United Kingdom Property News

Want More for your Money? Head up North

Those looking for their next property investment project may want to head up North if they want to get more for their money. Figures from the Land Registry have shown that the real estate chasm between the North and South of the country is widening and the cost of a London flat is now enough to buy a home in other parts of the UK, such as the North East. This is reflected in the performance of homes in Britain's most exclusive neighbourhoods - most of which are in the capital. According to recent figures, property prices in prime postcodes have soared by a record breaking GBP 120,000 over the last year.

This is the price of many homes in the North of the country and means that those living in Kensington or Chelsea could purchase a property just with the money with which their home appreciated over 2012. In these areas, the average value of a home rose by nearly 12.5 per cent - GBP 118,754. The Daily Mail revealed this is more than a full-time worker on the national average wage of GBP 26,462 earns in four and a half years. Kensington and Chelsea are now the only parts of the UK were the average cost of a property is over GBP 1 million, standing at GBP 1.08 million.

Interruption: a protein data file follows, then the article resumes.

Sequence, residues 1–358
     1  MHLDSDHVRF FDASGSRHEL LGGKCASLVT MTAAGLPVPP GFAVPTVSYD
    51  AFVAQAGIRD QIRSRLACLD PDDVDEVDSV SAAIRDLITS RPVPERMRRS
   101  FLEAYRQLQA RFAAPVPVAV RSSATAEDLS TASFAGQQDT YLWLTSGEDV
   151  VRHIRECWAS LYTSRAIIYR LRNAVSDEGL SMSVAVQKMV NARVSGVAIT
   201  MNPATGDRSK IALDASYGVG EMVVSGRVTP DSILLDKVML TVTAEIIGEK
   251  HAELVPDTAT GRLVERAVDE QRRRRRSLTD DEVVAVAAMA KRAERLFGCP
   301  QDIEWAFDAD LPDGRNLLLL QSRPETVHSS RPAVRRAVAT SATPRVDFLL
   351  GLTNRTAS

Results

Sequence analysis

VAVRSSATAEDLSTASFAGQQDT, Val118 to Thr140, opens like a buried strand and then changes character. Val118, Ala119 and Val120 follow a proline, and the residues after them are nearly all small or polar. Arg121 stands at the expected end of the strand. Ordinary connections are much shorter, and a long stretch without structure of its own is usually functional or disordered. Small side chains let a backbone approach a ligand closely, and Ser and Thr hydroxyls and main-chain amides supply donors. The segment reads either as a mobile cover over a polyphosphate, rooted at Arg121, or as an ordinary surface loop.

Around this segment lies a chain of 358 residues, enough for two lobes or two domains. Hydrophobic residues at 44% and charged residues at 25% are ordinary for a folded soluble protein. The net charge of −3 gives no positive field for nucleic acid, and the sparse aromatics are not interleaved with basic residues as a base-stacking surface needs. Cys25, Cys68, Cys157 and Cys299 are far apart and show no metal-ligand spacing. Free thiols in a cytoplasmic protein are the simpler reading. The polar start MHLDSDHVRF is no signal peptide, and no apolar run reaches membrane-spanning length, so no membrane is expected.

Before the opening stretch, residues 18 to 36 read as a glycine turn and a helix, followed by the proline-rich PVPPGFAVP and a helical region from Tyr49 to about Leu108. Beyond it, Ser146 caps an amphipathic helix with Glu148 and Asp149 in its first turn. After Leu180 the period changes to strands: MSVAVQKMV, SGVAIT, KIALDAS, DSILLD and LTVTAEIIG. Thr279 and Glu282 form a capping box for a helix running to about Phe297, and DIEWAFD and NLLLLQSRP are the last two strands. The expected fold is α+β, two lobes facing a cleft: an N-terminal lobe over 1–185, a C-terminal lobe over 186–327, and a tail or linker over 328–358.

In comparison, the average cost of a home in the North East is GBP 99,294 and GBP 106,527 in the North West. Mark Harris, chief executive of mortgage broker SPF Private Clients, told the newspaper: "There is an extraordinary difference between the housing market in London and the rest of the country. While areas such as Kensington and Chelsea storm ahead, house prices in the North of England are in reverse as the gap between north and south grows ever wider."
While this is good news for London investors and signifies the capitals continued commercial success, for those looking to get on the property ladder in the capital, the news will not be welcomed. A report from the House Builders Association recently revealed that in London it will take the average first time buyer 24 years to save for a deposit.